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As others have said you need to speak to the school immediately. I would also be inclined to take screen shots of any incidents which have occurred on social media and then get your dd to block her on Snapchat, Instagram etc.

Speak to the school also about the girls drink problem.

I hope things improve for your dd very soon.


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PostPosted: Wed Jun 15, 2016 5:46 pm 
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Agree with Guest .
Akso, right now I would talk to your DD about how this will blow over with her real friends and to try as much as she can to put it to one side until after the exams.
It's wrong that your DD is being pushed out from studying at school etc but I would take the pragmatic view for now and keep her away from the situation as much as possible - studying at home and spending as little time in school as possible.
I would also 'shut down' all her social media accounts until after the exams. If she has real friends she wants to keep in touch with there is still the phone.
Again it's not fair but for now I would focus in getting her through the exams and deal with the wrongs afterwards.
Lots and lots of love and special treats with you and her family can still be welcome at 16 - DD had a different kind of emotional disaster at a similar time and they can quickly go from young adults to the children they still are.

I am so, so sorry she is suffering like this.


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PostPosted: Thu Jun 16, 2016 9:30 am 
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Thank you for your comments, much appreciated. It is indeed a tricky situation, people tend to associate coercive controlling relationships with that of boyfriend/girlfriend scenarios, but of course those behavioural patterns can be learned and re-enacted in any social scenario. Some of this girl's behaviours are deeply disturbing. My daughter had come to think she may have been bi-polar, she stopped seeing her counsellors a few months ago, and has progressively become more erratic over the past few months. She has had to call her mum on many occasions, having turned drunk and abusive too many times to handle. She had taken to stashing secret bottles of vodka and downing them before turning up somewhere. She arrived at my daughter's birthday party late..and could barely stand. Having vomited all over our garden, I had to have her taken home. My daughter was furious and upset. She just couldn't deal with it anymore. She is definitely in need of some help, but how do you broach that when she is 16 and it is not your child? Her own mother knows full well that she has this drink problem, but my daughter has witnessed this girl being abusive towards her mother too, and I do get the impression that she is completely out of her depth.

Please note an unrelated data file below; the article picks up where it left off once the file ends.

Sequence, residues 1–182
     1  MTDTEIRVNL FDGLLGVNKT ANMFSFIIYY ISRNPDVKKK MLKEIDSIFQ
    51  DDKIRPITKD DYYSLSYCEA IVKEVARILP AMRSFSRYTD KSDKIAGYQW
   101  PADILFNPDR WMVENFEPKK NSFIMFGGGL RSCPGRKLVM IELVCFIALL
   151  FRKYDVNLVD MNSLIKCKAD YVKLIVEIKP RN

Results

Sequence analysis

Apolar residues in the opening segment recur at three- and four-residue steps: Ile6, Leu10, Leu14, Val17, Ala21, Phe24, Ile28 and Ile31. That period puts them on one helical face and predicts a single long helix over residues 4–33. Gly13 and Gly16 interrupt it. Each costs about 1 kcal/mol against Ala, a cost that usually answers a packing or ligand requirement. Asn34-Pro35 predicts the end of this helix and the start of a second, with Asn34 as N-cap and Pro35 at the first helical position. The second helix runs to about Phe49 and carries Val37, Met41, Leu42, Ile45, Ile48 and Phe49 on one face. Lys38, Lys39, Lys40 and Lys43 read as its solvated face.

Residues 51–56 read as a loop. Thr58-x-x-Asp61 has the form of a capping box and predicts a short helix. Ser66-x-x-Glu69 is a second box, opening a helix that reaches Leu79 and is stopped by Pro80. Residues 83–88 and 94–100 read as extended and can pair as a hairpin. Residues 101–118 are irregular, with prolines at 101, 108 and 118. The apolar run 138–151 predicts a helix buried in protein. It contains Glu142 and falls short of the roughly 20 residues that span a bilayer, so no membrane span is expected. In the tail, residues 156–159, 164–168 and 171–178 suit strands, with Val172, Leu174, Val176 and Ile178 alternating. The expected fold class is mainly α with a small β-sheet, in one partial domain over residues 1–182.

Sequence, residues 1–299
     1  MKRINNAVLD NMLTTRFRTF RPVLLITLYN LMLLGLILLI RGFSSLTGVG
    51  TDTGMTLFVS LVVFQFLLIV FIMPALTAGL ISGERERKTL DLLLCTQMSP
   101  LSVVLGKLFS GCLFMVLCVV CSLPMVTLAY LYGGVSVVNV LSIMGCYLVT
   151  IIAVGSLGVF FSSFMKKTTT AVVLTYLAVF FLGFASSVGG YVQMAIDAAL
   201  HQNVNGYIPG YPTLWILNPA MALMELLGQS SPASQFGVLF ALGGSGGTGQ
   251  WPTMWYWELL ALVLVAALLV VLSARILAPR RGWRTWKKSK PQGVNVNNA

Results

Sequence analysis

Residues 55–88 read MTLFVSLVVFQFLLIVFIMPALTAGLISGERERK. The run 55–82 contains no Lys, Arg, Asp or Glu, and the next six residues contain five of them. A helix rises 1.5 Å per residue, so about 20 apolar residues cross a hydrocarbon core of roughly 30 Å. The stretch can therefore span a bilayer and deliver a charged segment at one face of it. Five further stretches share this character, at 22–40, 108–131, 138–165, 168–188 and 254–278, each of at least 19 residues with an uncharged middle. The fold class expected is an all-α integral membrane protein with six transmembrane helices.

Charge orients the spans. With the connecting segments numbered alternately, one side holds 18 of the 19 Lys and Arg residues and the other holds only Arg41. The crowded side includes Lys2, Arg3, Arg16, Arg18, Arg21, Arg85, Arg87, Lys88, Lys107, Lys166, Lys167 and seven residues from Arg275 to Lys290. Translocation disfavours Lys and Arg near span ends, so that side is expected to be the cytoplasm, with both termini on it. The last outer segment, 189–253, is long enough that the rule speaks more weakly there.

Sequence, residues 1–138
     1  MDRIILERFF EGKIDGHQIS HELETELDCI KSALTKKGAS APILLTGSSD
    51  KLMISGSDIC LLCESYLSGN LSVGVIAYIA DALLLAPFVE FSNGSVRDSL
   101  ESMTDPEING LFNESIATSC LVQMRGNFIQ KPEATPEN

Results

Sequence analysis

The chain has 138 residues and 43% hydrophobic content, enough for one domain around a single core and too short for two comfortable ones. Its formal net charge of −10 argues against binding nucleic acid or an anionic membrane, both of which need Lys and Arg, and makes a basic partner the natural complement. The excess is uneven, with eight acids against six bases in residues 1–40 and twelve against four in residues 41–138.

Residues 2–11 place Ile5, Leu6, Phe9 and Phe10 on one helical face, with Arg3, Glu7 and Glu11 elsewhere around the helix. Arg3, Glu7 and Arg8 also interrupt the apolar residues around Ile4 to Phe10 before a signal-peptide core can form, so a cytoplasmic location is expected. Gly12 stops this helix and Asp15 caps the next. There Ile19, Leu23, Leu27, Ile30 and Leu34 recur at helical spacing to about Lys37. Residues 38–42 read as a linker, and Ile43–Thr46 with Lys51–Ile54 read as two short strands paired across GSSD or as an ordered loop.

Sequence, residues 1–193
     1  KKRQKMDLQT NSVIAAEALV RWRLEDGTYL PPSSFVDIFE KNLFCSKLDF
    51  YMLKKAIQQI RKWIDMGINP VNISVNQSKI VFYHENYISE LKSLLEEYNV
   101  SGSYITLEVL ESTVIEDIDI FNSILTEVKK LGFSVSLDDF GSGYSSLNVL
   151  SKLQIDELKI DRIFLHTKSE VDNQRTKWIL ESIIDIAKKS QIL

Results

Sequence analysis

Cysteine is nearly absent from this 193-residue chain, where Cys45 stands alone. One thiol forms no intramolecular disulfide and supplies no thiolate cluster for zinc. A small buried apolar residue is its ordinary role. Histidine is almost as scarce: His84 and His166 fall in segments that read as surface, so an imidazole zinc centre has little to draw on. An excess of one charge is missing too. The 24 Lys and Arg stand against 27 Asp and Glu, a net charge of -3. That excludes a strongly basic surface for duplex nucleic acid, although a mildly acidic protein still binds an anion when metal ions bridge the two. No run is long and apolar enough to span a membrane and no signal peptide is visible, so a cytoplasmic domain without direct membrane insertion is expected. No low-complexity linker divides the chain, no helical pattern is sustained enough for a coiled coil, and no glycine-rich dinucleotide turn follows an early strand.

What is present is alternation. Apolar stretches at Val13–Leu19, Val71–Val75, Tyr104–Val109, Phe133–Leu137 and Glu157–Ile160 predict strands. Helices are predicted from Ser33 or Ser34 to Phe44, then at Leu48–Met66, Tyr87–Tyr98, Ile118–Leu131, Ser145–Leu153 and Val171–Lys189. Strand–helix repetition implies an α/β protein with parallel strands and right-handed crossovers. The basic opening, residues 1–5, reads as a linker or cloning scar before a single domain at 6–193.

And now that my daughter has backed off, she is clearly playing the 'if I can't be your friend, nobody else will' game. The covert nature of her campaign to alienate is quite disturbing. Insidious and unrelenting. My daughter loves her friends, they have always been so supportive of one another. But this girl comes across loud and bubbly and wacky in the extreme, and that is what the others see. She has told them various untruths about the reasons behind the cooling in friendship, making it seem as if it is she that is the victim and needs to be pitied. Classic manipulation of course, but goodness how damaging. It is very sad.
I rang the school yesterday and have been promised a call back. I am still unsure as to how much I can or should divulge. It is such a sensitive issue..


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PostPosted: Thu Jun 16, 2016 9:45 am 
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Joined: Fri Mar 04, 2011 2:32 pm
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My dd has had to deal with this for years.

She said yesterday that doing all her revision at home she has learnt far more in the past few weeks than any time in school.